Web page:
This blog is an open startup. That means that pretty much everything is shared with you. Minus stuff like blog post ideas (I don't want competitors, okay 😉) ((but saying that, if you are a competitor and you have an ambitious plan that can help people let me know, I'll love to get involved)).
The 4 core principles of my blog are:
- Help people
I remember years ago wanting to learn about computer science and not finding anything friendly on it. This blog aims to fill the gaps in young me's life.
2. Free, for everyone
What good is a blog that aims to help people if the content isn't free? 40% of my readers come from third world countries. I don't want to make it even harder for them to learn something new, for them to improve their situation.
3. Open to everyone
When I write, I want everyone to be able to read it. Whether you're using screen readers or something else.
4. As close to the truth as possible
If other resources create white lies to try to explain something easier (saying all variables are buckets to store things in, for example) I would rather spend 50 hours working on making the complex knowledge understandable rather than create a white lie.
The apps I use do not track you. They do not give you any sort of cookie. On this website, your data is your own. I do not sell or use your data to advertise. All of the apps I use are GDPR compliant. Even more so, if there is a setting which is not necessary for GDPR but gives you (my reader) more privacy, I activate it. You came here to read blog posts, not to get an identification number and have your data sold.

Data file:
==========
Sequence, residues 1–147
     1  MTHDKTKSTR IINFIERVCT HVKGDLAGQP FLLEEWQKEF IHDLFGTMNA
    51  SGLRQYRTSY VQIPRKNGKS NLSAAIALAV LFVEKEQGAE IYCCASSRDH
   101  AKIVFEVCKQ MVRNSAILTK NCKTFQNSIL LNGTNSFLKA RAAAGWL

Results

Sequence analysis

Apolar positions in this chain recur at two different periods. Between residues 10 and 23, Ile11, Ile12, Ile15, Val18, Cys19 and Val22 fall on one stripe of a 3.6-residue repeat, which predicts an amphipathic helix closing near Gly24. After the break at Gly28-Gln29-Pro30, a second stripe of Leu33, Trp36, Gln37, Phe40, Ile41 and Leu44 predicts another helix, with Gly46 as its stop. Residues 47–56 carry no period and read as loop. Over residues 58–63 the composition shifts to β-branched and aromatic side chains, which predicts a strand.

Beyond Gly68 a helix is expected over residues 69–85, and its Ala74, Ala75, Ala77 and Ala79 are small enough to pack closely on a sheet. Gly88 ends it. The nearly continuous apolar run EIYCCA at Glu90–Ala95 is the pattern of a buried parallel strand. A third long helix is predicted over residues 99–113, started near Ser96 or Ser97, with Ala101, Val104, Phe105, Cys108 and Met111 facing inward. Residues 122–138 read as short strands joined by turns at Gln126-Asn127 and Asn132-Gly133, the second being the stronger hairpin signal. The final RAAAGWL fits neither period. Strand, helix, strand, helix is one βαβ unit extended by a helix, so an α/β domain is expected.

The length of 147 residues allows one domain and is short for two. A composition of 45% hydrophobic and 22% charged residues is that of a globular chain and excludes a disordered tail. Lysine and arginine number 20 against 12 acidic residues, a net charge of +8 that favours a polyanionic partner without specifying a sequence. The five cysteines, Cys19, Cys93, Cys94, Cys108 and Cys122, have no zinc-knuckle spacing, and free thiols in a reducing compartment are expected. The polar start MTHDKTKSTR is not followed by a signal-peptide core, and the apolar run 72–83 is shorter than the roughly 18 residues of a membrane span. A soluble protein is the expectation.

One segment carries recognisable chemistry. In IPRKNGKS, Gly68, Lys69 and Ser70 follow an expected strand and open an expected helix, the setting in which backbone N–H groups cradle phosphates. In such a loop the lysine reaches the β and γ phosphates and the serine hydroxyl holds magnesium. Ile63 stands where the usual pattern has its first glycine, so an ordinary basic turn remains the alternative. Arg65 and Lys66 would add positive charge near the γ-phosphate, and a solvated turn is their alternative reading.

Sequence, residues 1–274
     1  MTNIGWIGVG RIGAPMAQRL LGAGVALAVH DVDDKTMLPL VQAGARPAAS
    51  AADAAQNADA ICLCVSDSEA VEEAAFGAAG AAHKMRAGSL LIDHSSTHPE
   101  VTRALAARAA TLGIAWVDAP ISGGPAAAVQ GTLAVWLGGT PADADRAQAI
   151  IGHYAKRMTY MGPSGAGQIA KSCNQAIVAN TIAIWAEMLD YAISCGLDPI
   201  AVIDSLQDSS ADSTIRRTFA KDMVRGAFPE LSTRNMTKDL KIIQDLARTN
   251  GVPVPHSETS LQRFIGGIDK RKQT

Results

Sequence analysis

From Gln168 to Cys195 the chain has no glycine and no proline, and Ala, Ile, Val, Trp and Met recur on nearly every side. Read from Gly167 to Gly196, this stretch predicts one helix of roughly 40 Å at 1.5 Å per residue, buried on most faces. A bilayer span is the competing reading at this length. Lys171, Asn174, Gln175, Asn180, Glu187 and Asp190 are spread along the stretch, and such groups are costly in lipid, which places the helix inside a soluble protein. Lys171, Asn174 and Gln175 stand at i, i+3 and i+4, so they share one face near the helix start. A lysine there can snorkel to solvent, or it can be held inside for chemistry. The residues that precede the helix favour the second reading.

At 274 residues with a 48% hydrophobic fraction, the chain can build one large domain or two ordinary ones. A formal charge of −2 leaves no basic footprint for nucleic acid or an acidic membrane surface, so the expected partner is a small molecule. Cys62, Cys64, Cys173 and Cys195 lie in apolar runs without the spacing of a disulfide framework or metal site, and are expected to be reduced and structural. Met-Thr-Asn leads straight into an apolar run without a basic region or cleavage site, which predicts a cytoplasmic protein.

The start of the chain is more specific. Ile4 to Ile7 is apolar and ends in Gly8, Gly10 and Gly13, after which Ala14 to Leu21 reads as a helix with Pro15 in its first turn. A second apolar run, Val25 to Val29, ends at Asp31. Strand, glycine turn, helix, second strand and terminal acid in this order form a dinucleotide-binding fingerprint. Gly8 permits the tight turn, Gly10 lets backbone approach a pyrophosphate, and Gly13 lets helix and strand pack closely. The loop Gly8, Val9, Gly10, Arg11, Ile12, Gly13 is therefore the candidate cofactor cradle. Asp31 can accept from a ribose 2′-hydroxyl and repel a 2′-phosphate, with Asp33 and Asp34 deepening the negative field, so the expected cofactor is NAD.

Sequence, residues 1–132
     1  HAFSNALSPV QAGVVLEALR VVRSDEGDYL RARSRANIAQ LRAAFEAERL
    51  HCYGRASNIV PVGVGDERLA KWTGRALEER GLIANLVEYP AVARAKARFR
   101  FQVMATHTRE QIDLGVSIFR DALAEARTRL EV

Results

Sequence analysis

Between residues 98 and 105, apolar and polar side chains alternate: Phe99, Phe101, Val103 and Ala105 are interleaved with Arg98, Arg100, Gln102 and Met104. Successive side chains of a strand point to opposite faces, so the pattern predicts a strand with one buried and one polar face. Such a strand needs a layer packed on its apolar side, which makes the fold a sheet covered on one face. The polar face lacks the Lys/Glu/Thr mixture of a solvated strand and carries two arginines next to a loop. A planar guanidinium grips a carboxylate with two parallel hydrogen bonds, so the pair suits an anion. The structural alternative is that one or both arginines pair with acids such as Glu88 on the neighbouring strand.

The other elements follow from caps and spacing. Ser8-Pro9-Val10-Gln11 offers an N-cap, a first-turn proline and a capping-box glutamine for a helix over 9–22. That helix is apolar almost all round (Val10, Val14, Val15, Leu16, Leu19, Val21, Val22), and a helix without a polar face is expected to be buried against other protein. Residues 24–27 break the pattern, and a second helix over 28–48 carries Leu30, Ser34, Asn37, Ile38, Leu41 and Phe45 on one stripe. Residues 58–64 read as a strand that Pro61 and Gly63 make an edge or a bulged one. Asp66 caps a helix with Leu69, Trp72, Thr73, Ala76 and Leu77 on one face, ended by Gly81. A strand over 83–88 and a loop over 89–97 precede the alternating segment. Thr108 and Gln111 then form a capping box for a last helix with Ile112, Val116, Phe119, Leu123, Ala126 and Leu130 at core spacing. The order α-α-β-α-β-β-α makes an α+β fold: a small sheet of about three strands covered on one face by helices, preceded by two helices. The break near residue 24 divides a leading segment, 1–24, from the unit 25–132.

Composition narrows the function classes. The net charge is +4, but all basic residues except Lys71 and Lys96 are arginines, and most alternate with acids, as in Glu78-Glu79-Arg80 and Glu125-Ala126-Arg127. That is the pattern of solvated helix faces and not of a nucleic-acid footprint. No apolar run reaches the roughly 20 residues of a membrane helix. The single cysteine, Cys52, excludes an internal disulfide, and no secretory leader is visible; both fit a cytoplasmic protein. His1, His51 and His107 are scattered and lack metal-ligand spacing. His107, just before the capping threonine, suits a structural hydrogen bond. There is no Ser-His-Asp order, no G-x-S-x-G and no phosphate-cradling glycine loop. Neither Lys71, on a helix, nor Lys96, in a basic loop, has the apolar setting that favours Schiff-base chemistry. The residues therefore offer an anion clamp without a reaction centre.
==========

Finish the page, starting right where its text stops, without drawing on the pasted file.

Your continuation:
Generally speaking, I prefer paying makers money rather than taking a free tool and having your data sold. Some of the tools you'll see here are indie and made by makers, rather than large companies.
This blog is using Ghost. I'm using the Casper theme (the default one) as it looks nice. I've made a few edits here and there. GitHub Gist's are edited (so they fit on the screen) and Amazon affiliate embeds also look nicer.
The most important thing for my blog is the reader experience. Ghost gets this perfectly. The editor is super nice too. Also, SEO is built right in - from day 1. My blog is automatically optimised for SEO, and I don't have to do anything.
It's also blazingly fast. My friends on Wordpress - their websites load in 3 / 4 seconds. Mine loads in less than a second.
Ghostboard is an analytics tool for Ghost blogs. It's not built in, and you have to pay £9 a month for it. Ghostboard doesn't track you (my reader), nor does it do anything with cookies. Google analytics may be free, but it tracks you and sells your data.
Ghostboard doesn't do any of that, as I pay to make sure it doesn't track you. It's a really beautiful app, the analytics are specific for Ghost so everything looks nice. I get my most popular tags, the average word count per article, refferals, monthly updates and more. Seriously, it's so nice!
I use Convertkit for my email. It's really, really good. Quite expensive. If you want to build an email list but don't want to pay, use Mailchimp. I use convertkit because it's more blogger friendly and lets me do content upgrades.
Campaign URL builder
Super simple tool. When I link to places, I can use this Google tool to let me know where people came from using UTM params. I can create a new link for my email and know when people have visited via email, for example.